Carlingford, Free Article
I chose to present you all the journey that I have already done.
The first one that I did is the Carlingford’s visit.
Carlingford is a coastal fortified townland in northern country of Ireland (Louth). It is situated. The city is approximately located about thirty kilometers north east (by road) from Dundalk (16 km directly), 90 km north of Dublin and 11 km south of the border with Northern Ireland. There was 1.045 inhabitants in Carlingford in 2011
I have already visited this city. The first time was with my father, the day after I arrived in Dundalk (yes, my father is nice, he came with me in order to help me in my installation). The second time was with the DKIT for the Erasmus Day.
I extremely enjoy this lovely city because it is as a village border by the sea. There is also some wonderful mountains (it is available to do walking) and castle ruins.
The main places of interest are (source wikipedia):
· “King John's Castle. Despite the western part being commissioned by Hugh de Lacy before 1186, the castle owes its name to King John (Richard the Lionheart's brother) who visited Carlingford in 1210. The eastern part was constructed in the mid-13th century with alterations and additions occurring in the 15th and 16th centuries. In the 1950s the Office of Public Works (OPW) undertook conservation work to stabilize the structure. An excellent view of the north pier and lough can be had from the viewing area on the eastern side of the castle, though the castle itself is closed to the general public for health and safety reasons”.
The King John Castle
· “Taaffe's Castle. A fortified town house that belonged to the rich mercantile Taaffe family who became Earls of Carlingford in 1661. Its close proximity to the harbour would suggest a trading depot on the ground floor with the upper floors reserved for residence. The construction suggests two phases—the main tower built in the early 16th century while the extension to the side occurred later”.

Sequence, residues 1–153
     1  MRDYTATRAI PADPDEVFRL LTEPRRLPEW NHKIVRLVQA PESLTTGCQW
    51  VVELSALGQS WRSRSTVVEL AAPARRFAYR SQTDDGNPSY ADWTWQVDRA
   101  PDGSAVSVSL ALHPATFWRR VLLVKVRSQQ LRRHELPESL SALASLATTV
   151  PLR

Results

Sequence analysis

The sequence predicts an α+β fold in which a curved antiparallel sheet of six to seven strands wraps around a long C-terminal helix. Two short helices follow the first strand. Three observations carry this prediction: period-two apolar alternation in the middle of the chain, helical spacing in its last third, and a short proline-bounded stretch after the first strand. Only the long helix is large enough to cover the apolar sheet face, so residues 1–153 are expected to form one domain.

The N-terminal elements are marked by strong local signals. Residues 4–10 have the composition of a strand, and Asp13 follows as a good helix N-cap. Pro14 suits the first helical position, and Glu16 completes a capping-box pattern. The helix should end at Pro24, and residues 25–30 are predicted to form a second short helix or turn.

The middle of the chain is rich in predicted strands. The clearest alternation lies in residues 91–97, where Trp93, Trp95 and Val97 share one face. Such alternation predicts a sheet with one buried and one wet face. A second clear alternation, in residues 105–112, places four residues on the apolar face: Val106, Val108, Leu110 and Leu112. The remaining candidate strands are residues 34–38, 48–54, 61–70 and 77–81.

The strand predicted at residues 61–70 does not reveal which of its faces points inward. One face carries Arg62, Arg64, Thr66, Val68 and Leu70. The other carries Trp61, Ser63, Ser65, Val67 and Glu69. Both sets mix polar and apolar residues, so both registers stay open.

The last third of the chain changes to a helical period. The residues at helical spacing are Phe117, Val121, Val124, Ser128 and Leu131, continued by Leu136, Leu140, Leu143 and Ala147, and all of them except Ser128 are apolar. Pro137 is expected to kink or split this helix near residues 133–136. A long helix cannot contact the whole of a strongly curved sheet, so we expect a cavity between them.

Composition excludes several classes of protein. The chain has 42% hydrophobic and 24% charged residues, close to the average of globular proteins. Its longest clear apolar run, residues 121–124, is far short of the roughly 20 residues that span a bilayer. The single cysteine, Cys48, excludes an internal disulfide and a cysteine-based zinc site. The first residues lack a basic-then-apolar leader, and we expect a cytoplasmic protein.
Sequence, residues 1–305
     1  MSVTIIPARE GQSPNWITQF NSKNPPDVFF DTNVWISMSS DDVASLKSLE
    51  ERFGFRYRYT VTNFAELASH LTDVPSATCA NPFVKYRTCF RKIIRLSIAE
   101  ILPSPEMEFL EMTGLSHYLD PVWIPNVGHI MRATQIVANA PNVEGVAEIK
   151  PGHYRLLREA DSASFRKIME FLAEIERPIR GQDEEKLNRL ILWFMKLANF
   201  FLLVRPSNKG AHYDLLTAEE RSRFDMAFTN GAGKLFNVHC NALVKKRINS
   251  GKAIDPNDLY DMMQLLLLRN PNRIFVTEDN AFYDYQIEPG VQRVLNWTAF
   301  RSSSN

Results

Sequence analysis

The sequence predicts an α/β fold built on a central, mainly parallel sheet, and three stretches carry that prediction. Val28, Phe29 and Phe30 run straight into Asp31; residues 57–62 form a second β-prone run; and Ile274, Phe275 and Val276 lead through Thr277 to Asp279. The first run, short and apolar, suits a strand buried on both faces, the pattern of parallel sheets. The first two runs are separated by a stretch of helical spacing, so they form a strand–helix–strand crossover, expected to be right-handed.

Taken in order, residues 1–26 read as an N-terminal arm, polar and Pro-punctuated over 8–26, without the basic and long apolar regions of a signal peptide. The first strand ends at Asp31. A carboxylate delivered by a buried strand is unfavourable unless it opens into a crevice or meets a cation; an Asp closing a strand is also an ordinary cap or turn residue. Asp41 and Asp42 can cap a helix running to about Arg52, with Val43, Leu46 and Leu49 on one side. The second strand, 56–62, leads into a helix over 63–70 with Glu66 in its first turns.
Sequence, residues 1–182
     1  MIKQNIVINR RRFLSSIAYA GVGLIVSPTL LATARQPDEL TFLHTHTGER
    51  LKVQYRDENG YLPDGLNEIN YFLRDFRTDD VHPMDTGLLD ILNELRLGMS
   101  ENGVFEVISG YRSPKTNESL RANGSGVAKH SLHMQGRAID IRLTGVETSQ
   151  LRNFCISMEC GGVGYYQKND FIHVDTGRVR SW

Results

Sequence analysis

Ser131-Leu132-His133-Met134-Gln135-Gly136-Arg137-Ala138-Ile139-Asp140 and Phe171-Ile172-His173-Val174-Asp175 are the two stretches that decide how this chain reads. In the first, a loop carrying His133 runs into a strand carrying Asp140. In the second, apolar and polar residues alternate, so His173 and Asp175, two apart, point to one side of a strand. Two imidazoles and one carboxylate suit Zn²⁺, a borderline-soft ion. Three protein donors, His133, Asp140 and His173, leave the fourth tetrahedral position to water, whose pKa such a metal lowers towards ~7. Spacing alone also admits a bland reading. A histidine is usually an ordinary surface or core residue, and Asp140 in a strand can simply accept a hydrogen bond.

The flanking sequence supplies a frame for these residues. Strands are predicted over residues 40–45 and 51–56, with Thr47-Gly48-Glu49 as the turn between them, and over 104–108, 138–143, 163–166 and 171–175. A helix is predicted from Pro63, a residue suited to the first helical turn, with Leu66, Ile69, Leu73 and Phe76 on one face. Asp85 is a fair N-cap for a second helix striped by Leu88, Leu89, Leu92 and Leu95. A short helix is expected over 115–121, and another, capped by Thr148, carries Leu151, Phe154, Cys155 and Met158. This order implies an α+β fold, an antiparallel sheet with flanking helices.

The Taaffee Castle
· The Tholsel. The Tholsel or "town-gate" is the only remaining example of its nature in Carlingford and one of the few left in Ireland. Originally it was three stories high—the present appearance due to alteration made in the 19th century. The original function was to levy taxes on goods entering the town—the murder-holes on the side of the walls are testaments to that fact. In 1834 it was used by the Corporation of Carlingford for meeting and a Parliament is said to have used it to make laws for The Pale. It was also used as a town gaol in the 18th century.
· The Mint. A fortified three-storey town house belonging to a wealthy merchant family in the centre of Carlingford. While the right to mint coinage was not granted to Carlingford until 1467, it is unlikely that it was actually used as a mint. The most interesting feature is the five highly decorated limestone windows. The patterns and motifs are an example of the influence of the Celtic Renaissance on art during the 16th century.
· Dominican Friary. The Dominicans were established in Carlingford in 1305 primarily because of their patron Richard Óg de Burgh, 2nd Earl of Ulster, with the friary itself being dedicated to St. Malachy. Dissolved in 1540 by Henry VIII, it became the centre of a repossession struggle between the Dominicans and Franciscans in the 1670s. It was resolved in favour of the Dominicans by Oliver Plunkett. However the friary itself was subsequently abandoned in the 18th century by the Dominicans to their present location of Dundalk. The remains today consist of a nave and chancel divided by a tower. Also, there are possible remains of some domestic buildings to the south like a mill race and mill pond.
· Church of the Holy Trinity. Donated by the Church of Ireland to Carlingford this restored medieval church is also known as the Holy Trinity Heritage Centre. Exhibits inside display the history of Carlingford from Viking times to the present period. The video and beautiful stained glass window are popular with visitors. Musical recitals are common. The grounds outside contain a graveyard.
The Church Of the Holy Trinity
· Market Square. Now the main street of Carlingford, this was the area where a weekly market was held with records of its layout going back to 1358. It is now the intersection of Dundalk Street and the beginning of River Lane.
This is the place where the market took place before
I hope you enjoy this article on my trip.
Hope to see you soon,
Source : http://en.wikipedia.org/wiki/Carlingford,_County_Louth
Carlingford Tourist Information
Le Petit Futé Irlande, Dominique Auzias, Jean-Paul Labourdette, 2011
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